work philosophy of quit quietly —Rebellion against the “stand up and pick up” ethos is spreading rapidly and widely among young workers.And this has the potential to change the way we do things all work.
News promotion: 82% of Gen Z say the idea of doing the bare minimum to keep their job is either very attractive or very attractive. About 15% of its shares are already doing it, according to the new Axios/Generation Lab. poll.
the desire to work to live, instead of living for work Consistent across gender, race and political views.
- 85% of young women find the idea of doing the bare minimum to be attractive, and 79% of young men feel the same way.
- Eighty-two percent of white respondents, 86 percent of black respondents, and 79 percent of Asian respondents, as well as 84 percent of Democrats, 79 percent of Republicans, and 83 percent of independents, expressed this view of work. are sharing.
Respondents also rank works Lower priority than family, friends, health and hobbies.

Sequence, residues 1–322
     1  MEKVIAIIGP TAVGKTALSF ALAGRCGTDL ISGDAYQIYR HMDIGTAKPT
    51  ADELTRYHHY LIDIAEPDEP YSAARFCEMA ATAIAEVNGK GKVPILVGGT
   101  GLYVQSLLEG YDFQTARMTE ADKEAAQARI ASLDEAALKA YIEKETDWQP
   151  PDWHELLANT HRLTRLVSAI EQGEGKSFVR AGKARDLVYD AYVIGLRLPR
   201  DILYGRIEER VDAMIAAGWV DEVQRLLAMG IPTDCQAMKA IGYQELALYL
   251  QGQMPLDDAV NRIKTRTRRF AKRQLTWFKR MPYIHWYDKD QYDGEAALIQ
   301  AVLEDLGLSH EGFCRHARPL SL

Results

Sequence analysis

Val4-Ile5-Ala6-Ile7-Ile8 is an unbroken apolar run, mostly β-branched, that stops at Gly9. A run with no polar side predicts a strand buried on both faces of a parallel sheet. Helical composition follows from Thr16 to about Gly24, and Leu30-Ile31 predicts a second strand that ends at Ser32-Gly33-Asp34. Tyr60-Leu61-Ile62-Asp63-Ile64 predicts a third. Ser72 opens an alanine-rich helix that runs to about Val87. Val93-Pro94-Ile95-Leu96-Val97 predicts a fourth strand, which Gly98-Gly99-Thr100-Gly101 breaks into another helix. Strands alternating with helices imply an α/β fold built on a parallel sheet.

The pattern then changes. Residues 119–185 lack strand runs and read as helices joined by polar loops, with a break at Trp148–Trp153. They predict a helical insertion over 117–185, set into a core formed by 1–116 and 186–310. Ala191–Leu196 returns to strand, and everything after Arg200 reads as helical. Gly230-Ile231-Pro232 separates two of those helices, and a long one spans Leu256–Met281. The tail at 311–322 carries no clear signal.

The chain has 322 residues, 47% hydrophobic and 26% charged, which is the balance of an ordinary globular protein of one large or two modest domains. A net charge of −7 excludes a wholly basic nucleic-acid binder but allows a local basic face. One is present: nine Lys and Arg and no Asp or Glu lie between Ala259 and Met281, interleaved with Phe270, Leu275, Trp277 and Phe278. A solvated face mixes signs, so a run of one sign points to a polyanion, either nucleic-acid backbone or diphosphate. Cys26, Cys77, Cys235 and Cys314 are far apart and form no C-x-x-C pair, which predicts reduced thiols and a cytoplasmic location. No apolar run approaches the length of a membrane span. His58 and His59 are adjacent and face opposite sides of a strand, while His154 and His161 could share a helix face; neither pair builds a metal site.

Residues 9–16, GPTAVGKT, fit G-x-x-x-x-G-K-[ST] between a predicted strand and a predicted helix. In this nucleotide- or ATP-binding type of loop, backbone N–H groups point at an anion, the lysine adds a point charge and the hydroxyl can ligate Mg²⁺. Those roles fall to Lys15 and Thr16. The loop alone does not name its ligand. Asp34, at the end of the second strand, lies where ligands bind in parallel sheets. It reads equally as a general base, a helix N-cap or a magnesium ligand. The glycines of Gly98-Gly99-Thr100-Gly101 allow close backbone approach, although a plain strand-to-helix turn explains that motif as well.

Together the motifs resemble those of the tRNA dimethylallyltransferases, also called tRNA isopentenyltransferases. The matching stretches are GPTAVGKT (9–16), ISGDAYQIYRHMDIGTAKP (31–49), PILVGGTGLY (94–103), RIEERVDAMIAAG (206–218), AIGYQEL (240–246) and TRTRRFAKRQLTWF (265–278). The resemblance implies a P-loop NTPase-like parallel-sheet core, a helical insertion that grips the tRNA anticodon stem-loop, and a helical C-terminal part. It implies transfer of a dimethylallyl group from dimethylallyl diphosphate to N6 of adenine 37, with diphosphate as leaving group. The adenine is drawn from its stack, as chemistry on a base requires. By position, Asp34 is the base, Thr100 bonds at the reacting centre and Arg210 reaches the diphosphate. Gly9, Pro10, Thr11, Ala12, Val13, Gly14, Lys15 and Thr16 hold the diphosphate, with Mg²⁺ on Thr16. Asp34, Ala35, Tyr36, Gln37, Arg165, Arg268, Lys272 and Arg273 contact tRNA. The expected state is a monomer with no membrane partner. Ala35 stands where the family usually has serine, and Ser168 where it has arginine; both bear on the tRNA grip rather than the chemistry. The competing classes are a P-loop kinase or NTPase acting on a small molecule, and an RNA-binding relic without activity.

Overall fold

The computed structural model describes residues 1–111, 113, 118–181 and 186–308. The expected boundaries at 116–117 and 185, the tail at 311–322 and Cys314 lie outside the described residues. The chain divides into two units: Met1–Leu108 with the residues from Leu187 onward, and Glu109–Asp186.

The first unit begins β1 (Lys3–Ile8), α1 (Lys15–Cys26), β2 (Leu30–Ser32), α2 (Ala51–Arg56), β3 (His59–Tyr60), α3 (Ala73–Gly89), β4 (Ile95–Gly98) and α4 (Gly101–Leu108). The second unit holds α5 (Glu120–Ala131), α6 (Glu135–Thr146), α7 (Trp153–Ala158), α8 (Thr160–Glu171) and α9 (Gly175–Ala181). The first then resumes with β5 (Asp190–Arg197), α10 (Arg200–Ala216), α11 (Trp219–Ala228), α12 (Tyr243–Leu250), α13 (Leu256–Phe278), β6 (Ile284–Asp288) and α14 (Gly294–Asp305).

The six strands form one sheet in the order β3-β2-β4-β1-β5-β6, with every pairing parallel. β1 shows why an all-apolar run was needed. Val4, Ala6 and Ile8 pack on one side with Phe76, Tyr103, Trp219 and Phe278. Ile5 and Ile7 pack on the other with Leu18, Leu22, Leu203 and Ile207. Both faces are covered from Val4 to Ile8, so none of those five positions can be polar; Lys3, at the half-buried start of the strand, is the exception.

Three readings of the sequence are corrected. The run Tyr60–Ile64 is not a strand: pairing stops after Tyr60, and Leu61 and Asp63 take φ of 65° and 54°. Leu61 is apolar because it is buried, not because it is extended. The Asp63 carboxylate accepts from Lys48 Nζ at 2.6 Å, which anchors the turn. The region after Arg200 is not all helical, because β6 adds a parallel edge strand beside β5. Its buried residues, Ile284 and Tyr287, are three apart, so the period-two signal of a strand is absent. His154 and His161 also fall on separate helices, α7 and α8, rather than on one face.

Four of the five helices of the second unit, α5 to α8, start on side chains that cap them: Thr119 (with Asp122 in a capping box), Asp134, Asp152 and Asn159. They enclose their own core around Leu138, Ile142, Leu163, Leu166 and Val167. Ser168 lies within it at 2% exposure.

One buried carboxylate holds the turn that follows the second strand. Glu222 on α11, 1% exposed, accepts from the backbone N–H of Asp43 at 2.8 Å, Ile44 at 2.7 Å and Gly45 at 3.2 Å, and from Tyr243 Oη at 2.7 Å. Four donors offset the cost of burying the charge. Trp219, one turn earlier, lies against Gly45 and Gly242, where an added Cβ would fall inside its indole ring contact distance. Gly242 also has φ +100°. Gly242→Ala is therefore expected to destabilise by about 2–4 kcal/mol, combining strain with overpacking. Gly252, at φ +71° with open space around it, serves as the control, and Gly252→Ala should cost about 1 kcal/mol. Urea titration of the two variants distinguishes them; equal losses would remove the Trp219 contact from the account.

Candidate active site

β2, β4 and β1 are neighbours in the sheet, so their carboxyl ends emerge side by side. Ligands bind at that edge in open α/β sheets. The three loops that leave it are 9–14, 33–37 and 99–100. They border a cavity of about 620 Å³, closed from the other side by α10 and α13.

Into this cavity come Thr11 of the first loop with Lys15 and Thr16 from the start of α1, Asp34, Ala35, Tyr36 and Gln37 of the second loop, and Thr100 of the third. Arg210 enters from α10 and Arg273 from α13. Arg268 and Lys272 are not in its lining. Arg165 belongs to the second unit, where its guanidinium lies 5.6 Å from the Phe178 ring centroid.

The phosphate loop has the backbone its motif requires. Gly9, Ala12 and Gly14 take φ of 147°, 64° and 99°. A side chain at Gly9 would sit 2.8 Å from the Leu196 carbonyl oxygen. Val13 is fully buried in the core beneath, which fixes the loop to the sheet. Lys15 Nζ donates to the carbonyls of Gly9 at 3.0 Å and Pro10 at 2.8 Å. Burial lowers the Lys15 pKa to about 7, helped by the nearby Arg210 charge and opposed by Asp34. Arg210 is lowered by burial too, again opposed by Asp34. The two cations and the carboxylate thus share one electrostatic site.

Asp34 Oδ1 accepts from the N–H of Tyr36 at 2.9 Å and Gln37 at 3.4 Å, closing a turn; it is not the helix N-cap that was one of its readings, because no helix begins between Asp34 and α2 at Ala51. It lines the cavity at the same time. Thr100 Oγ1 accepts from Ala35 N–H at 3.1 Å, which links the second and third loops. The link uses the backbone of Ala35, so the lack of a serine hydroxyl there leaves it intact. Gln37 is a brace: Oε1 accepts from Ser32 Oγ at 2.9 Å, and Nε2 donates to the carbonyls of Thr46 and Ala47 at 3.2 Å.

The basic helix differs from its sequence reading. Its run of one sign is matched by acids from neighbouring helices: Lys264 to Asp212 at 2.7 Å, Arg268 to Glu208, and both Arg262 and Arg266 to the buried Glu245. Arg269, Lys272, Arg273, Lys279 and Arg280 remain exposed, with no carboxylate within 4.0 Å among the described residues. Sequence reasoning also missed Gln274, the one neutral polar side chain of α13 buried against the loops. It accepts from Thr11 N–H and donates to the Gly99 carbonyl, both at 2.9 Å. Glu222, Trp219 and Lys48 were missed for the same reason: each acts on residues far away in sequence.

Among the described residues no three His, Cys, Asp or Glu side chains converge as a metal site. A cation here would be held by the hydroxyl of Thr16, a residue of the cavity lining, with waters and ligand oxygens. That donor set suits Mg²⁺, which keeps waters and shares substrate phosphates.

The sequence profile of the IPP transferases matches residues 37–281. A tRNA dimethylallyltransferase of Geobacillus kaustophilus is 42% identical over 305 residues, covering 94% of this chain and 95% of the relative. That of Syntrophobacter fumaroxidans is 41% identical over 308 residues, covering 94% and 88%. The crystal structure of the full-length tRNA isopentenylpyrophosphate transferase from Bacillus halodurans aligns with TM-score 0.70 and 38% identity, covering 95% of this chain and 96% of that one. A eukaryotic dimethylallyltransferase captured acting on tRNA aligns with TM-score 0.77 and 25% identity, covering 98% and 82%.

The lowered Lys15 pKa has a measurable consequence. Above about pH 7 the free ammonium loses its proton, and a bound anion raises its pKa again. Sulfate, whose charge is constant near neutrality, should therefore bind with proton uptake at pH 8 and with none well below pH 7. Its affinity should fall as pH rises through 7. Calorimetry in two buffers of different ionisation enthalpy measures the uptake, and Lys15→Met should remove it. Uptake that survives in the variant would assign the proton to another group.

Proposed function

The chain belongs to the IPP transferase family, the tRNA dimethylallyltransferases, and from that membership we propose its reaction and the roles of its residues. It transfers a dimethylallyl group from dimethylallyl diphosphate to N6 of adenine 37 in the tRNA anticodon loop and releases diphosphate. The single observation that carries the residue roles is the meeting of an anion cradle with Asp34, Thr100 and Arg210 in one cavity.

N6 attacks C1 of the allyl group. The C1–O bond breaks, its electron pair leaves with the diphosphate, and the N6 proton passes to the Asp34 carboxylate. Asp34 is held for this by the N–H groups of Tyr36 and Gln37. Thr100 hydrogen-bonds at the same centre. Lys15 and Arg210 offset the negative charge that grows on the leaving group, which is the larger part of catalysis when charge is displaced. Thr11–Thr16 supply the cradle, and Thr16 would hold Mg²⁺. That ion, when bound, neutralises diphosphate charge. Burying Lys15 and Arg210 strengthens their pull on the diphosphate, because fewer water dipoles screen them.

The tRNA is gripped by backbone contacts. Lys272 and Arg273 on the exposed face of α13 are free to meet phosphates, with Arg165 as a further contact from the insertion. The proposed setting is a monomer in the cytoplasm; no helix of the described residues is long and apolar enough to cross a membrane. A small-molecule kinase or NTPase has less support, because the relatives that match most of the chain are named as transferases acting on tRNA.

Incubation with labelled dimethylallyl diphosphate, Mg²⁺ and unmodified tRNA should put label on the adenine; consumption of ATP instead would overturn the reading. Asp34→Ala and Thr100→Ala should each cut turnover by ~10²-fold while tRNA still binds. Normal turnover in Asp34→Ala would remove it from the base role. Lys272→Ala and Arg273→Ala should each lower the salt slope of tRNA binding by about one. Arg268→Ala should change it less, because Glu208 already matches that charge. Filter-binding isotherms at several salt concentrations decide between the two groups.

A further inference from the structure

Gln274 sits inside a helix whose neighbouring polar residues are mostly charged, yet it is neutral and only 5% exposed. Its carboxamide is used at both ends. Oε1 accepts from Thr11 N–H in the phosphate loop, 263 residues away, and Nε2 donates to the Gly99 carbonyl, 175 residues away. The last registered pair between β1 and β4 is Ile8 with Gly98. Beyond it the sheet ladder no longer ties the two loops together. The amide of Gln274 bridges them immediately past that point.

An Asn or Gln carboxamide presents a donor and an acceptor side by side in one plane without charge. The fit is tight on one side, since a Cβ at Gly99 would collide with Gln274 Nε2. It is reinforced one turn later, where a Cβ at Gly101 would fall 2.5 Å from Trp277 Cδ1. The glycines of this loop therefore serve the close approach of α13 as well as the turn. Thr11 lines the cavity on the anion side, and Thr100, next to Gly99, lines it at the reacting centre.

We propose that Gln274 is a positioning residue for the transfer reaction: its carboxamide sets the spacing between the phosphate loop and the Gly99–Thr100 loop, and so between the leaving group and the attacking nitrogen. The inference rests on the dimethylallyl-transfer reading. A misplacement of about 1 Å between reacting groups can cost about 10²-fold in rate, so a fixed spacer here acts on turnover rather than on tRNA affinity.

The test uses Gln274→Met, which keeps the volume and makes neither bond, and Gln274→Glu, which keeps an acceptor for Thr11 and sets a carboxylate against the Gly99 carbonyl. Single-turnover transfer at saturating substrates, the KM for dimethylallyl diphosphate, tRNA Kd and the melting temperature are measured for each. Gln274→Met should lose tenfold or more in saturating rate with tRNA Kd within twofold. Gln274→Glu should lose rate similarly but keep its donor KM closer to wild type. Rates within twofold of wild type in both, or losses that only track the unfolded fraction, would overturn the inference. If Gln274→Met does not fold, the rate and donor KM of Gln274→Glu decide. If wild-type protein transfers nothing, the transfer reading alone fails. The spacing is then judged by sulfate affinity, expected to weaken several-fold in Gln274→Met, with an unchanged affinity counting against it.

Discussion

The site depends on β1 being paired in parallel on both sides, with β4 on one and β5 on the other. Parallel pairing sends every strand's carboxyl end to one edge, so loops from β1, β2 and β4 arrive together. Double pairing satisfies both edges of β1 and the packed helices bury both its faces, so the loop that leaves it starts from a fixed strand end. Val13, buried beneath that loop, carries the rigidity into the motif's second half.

Our Thought Bubble: A new generation of office workers, shaped by a hybrid and remote culture, is much more focused on work-life balance than previous generations.
- It will be difficult for employers to turn the tide.
Reality check: Respondents say they want to work an average of eight to nine hours a day, despite widespread calls to quit quietly.
- They are happy to work, but they want to let go of the grind culture and redefine work as part of their 8 hour day, 40 hour week life.
To the point: The numbers show that quiet smoking cessation may cut across demographics and stay here.
Methodology: This opinion poll was conducted September 12-15 from a representative sample of 828 people aged 18-29 nationwide. The margin of error is +/- 3.4 percentage points.